Religions exist for many reasons, most importantly because of the experiences people have had of Gods and spirits for at least as long as we’ve been human. Another important reason is to deal with the Big Questions of Life, including the question of suffering. Why is there suffering? Is there meaning in suffering? How can we best respond to suffering? These are questions we need to contemplate as the modern Pagan religions mature.
It’s helpful to begin with a brief look at how two other religions address this issue. Buddhism says suffering is caused by desire: when our wants are not met – whether those wants are realistic or good for us or not – we suffer. This is a gross oversimplification, but my goal here is not to critique Buddhist philosophy, just to offer a basic point of comparison.
Christianity says suffering is caused by sin. From a practical standpoint there is some truth here – doing unwise and unhelpful things will cause us to suffer. But the idea that there was once a time when there was no suffering but then disobedience brought it into the world is both historically wrong and a misreading of the Eden myth.
As a Pagan and a polytheist – and as a student of life – I begin with the obvious fact: suffering is. It exists. It’s real.
It isn’t all in my way of looking at life. There is much wisdom in Buddhism, but I’m a Pagan because I see desire as a good thing. I prefer pleasure rather than pain, health rather than sickness, abundance rather than lack.
Sometimes I don’t get what I want, sometimes I do unwise things and sometimes I have unrealistic desires. But sometimes bad things just happen. They have a reason – every effect has a cause – but those reasons may not be meaningful to me.
And when I look past my own difficulties and unpleasantries and ask why there is disease and hunger and oppression and injustice and all the other ills of human existence, I find no satisfying answers. I’m left with no choice but to acknowledge the facts as they are – suffering simply is.
Suffering can be educational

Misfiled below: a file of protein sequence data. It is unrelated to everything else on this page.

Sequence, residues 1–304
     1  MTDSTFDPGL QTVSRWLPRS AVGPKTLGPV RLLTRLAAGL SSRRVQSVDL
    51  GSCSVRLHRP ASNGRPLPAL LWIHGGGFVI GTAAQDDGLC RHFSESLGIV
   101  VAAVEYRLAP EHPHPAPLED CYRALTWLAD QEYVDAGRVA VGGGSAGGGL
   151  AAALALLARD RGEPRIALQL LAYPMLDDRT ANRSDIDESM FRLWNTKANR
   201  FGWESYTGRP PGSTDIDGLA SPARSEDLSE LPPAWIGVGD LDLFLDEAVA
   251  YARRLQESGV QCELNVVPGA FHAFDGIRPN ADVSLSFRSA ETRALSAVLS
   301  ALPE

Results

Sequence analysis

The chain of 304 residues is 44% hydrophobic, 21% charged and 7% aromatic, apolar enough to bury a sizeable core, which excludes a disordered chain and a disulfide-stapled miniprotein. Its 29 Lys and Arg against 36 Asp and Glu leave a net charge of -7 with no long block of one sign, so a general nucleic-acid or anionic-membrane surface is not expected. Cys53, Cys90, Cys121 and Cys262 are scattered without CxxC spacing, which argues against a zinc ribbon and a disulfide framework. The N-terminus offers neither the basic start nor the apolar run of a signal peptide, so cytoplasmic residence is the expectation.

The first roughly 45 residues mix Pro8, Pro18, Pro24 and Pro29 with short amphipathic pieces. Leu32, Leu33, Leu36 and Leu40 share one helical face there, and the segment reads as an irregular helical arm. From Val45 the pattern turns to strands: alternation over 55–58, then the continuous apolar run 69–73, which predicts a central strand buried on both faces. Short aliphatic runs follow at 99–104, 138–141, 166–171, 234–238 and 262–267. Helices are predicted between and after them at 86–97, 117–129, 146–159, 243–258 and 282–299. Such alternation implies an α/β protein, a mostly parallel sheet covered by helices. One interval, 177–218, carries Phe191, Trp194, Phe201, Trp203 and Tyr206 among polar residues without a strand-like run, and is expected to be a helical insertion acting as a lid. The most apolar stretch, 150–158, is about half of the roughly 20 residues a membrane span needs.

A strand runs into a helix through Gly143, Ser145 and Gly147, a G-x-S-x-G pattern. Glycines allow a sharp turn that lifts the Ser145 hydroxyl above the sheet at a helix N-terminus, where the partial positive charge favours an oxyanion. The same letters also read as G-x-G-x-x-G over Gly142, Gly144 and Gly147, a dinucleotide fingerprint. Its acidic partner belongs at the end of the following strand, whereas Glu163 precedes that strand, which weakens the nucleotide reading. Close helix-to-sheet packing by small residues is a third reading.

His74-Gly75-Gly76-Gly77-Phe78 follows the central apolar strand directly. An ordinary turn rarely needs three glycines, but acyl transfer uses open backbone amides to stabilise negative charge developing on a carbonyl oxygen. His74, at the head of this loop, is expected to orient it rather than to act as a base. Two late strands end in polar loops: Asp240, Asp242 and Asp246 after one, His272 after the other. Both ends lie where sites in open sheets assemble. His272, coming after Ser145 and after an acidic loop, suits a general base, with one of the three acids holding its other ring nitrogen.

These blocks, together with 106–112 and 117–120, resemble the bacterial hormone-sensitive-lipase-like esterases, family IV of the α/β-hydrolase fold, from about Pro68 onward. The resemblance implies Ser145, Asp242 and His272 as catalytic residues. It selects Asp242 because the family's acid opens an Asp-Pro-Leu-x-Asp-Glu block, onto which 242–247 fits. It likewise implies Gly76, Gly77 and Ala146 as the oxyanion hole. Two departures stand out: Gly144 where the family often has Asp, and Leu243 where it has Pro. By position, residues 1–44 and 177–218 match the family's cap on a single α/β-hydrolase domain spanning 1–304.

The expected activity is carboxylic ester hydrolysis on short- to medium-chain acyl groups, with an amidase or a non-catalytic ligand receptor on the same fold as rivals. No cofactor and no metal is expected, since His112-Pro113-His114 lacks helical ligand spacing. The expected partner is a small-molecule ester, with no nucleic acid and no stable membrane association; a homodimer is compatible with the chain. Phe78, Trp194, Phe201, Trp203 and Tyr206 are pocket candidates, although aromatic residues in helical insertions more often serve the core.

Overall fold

Put your hand on a hot stove and you will suffer. You will also learn something – don’t put your hand on a hot stove. Many of us have a fear of snakes because our very ancient ancestors learned some snakes can kill humans quickly and painfully – and those who didn’t learn that were less likely to live long enough to pass down their genes. If we are wise we will learn from our suffering, and from the suffering of others.
But the fact that we can learn from suffering does not mean such learning is intentional. What are we supposed to learn from a child who gets cancer? What is a Yazidi supposed to learn from an encounter with ISIL? What kind of cosmic schoolteacher would devise such cruel lesson plans? Certainly none I care to work with.
In the previous post on Ordeals of Initiation, I pointed out how some things can’t be learned in an ordinary frame of mind. The stress and fatigue of suffering can break down the intellectual barriers we put up and allow us to see and hear and feel the presence of a greater reality.
This type of transformation can also come through ordinary suffering. We hear from people whose financial difficulties let them see that material things don’t bring happiness. We hear from people whose health problems showed them the value of family and friends. I never appreciated the benefits of a good job until I found myself in a very bad job.
But this view comes from a position of privilege. If medical bills bankrupt you, you aren’t likely to benefit much from the transformation. If your untimely death leaves your family destitute, you can’t call it transformative. If I hadn’t been able to get out of that bad job, the thought of a good job would have been the source of even more suffering.
If you can be transformed by your suffering, great. Expecting all suffering to be transformative is cruelly unrealistic.
Suffering is never redemptive
Suffering doesn’t undo any harm you may have caused. Suffering doesn’t “pay a debt.” If you want to pay a debt, make restitution. If restitution is impossible, pay the wergild. Better yet, work to remove the conditions that allowed the harm to happen in the first place.
Our innate desire to punish is strong – and misguided. It does not come from a desire for change, but from a desire for revenge. The ethics and limits of punishment are beyond the scope of this essay, but suffice it to say inflicting suffering on others does not redeem them, and your own suffering does not redeem you.
Live honorably in spite of suffering
Insisting there must be some grand cosmic purpose for suffering is not compatible with polytheist theology. It implies Some One – or at least Some Thing – is in charge. But while polytheism acknowledges the presence of many Gods, these Gods have limited power and limited scope. There is nothing in the stories and practices of our ancestors to indicate the existence of a supreme being with the capability and desire to set up multi-incarnational lessons, nor is there any evidence of it in our modern world.
Insisting on meaning where none exists may be comforting, but it can distract us from the very practical, very low-level search for root causes and corrective actions for specific ills of society. This work is hard and complicated and it can never completely eliminate suffering. But it can reduce it, and that is a very good thing.
Our pagan ancestors lived in a world very different from our own. Life was harsh and suffering in ways we can only imagine was an everyday fact of life. The goal of their religions was not to explain suffering away, but to live honorably and virtuously in spite of it.
There is much we can learn from our ancestors.